Before the introduction of the MMR vaccine, all three diseases were extremely common. The majority of people had them at some point, usually as children. Although many people survived without long-term effects, others were left with serious disabilities and some children died. Complications of measles include fatal pneumonia and encephalitis (inflammation of the brain). In the year before a vaccine was introduced, 99 people died from measles complications. Mumps can cause deafness and meningitis, and in the past rubella caused many babies to be born with serious abnormalities.
Between 2001 and 2013 there was a sharp rise in the number of UK measles cases, and three people died (see the Measles page for more information). Numbers of cases fell in 2014 and 2015, but increased again in 2016. 531 measles cases were reported in England and Wales in 2016. This is more than five times as many as the total number of cases in 2015. The majority of cases of measles have been in people who are unvaccinated. A significant number of cases have been linked to music festivals and other large public events. In 2016 Public Health England advised people to check that they are vaccinated against measles before they go to events like these. For more information see the Public Health England news story . Numbers of measles cases have also been increasing in European countries, with particulary serious outbreaks in Romania and Italy.
A first dose of the MMR vaccine is given at 12-13 months in the UK schedule. The vaccine is not given earlier than this because studies have shown it does not work well in children under 1 year of age. (See the short video under 'Is the vaccine safe?' at the bottom of the page.) A booster dose is given at 3 years and 4 months. There is also a catch-up programme for children, teenagers and young adults who have missed out on the MMR vaccine. Anyone who is not sure whether they have had measles, mumps and rubella vaccines can ask their GP for the MMR vaccine.
Single measles, mumps and rubella vaccines are not available in the UK through the NHS. For more information about why this is the case, see the statement from Public Health England .
The MMR vaccine contains live viruses that have been weakened (attenuated), so that they stimulate the immune system but do not cause disease in healthy people. However the vaccine should not be given to people who are clinically immunosuppressed (either due to drug treatment or underlying illness). This is because the weakened viruses in the vaccine could replicate too much and cause serious infection. This includes babies whose mothers have had immunosuppressive treatment while they were pregnant or breastfeeding. For more information see the MHRA's Drug Safety Update (April 2016) .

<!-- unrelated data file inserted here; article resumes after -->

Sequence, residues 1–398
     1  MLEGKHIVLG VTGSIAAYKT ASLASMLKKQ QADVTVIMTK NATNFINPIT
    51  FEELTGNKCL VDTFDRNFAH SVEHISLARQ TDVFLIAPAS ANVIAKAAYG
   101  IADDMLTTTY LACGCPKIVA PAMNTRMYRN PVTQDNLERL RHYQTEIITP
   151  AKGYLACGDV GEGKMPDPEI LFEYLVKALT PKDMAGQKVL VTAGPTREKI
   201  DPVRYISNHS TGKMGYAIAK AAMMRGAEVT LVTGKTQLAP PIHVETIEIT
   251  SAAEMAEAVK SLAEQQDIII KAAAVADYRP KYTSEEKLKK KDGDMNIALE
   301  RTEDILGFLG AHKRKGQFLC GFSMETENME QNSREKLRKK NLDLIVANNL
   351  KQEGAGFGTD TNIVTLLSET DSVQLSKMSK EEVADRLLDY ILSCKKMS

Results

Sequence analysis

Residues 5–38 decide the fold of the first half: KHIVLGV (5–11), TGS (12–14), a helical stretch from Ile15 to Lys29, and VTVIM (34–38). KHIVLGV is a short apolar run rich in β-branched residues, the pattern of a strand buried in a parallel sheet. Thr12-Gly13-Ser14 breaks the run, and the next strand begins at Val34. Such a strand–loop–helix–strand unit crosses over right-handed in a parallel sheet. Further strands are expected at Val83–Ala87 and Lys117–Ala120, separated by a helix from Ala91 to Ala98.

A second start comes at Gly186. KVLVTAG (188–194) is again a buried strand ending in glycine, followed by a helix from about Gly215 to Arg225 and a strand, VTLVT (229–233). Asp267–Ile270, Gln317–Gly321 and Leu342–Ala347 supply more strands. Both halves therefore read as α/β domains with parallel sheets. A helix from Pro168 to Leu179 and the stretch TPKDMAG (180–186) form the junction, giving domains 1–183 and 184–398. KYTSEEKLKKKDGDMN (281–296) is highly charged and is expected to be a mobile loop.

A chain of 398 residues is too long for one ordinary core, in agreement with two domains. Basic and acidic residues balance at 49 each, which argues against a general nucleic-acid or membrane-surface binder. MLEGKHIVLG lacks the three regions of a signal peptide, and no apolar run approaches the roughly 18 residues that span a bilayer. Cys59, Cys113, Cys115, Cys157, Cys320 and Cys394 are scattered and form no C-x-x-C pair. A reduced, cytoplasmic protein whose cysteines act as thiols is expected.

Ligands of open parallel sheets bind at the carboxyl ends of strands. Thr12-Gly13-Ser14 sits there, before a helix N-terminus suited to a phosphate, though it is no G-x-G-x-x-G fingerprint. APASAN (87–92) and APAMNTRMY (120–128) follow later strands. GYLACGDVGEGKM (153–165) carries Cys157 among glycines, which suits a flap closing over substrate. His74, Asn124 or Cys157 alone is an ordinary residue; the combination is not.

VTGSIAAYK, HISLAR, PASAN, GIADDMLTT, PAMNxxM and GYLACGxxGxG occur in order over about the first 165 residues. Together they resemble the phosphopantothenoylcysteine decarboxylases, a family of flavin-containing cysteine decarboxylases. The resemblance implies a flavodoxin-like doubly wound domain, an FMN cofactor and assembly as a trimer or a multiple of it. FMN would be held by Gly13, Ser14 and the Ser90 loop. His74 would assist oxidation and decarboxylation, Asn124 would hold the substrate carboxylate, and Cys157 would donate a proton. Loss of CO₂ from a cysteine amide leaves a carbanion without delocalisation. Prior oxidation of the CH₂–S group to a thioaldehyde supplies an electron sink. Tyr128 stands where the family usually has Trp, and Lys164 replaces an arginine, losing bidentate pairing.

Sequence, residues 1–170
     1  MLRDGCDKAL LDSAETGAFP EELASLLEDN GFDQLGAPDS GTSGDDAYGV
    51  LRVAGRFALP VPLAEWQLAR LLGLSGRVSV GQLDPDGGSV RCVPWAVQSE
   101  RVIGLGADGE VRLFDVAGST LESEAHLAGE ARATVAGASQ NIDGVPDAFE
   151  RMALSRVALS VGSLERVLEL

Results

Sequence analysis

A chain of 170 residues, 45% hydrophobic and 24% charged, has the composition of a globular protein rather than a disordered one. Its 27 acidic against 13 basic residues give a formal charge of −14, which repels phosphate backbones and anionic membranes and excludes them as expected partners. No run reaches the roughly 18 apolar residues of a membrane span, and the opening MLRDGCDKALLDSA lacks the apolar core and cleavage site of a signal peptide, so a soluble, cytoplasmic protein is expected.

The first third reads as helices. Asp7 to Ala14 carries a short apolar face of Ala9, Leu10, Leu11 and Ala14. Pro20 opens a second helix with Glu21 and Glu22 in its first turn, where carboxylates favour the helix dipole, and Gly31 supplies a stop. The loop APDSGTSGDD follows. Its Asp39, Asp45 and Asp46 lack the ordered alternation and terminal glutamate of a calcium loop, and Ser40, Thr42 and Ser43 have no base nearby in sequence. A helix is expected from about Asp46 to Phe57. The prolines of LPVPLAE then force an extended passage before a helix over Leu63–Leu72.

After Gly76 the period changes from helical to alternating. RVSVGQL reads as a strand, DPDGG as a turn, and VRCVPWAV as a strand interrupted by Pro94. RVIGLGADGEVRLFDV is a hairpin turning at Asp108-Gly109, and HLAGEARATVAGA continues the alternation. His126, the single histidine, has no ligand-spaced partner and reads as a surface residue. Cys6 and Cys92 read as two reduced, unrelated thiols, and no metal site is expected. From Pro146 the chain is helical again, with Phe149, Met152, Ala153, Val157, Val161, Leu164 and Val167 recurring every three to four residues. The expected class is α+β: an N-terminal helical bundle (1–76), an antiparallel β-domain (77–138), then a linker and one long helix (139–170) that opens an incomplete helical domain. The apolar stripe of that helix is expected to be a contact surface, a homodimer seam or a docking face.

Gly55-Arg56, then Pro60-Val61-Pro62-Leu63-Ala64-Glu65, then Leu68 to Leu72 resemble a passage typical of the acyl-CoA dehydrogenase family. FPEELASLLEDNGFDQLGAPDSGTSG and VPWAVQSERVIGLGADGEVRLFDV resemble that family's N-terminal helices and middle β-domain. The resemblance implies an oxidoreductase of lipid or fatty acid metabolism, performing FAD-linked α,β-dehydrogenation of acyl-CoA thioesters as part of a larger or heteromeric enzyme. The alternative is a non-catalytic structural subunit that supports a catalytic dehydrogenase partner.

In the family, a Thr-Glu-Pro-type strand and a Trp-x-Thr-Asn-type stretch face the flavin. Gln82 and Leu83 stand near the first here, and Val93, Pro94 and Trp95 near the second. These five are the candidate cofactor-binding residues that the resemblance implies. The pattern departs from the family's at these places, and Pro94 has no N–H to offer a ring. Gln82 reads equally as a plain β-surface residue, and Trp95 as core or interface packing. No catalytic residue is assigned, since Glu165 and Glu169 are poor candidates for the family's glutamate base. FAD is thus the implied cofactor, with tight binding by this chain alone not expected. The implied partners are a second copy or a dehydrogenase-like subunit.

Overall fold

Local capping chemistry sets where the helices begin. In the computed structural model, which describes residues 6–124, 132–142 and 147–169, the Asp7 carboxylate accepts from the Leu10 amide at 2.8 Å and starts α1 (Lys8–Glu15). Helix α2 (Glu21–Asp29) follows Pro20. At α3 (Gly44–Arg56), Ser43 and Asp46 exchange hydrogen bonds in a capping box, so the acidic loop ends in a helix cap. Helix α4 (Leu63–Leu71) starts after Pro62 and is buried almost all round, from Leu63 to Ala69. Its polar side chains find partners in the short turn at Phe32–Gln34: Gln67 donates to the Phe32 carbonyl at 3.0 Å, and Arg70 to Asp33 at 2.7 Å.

There are now a large number of studies that show no evidence at all of any link between the MMR vaccine and autism. In the short film below, experts say why they believe there is no link. See 'Is the vaccine safe?' towards the bottom of this page for a full list of studies.
The measles and mumps virus strains are grown on a culture which contains chick embryo cells (see more information about the use of animal cell-lines to grow viruses for vaccines). The viruses are not grown on eggs. This means that there is not enough egg protein in the MMR vaccine to cause allergic reactions, so children with severe egg allergies can safely receive the MMR. In the past, people with an egg allergy were advised not to receive the MMR vaccine, but advice on this changed more than ten years ago. In the short film below, Professor Simon Dobson explains how we know that there is no increased risk of reactions to the MMR vaccine in children who are allergic to eggs.
The rubella virus strain is grown in the laboratory using human cell-lines. See more information on human cell-lines.
There are two MMR vaccines recommended for use in the UK. Both may contain traces of neomycin, an antibiotic used in the production process. See more information on antibiotics in vaccines.
One of the MMR vaccines used in the UK (MMR VaxPro) contains gelatine derived from pigs. The other MMR vaccine used in the UK (Priorix) does not contain gelatine. See more information on gelatine in vaccines.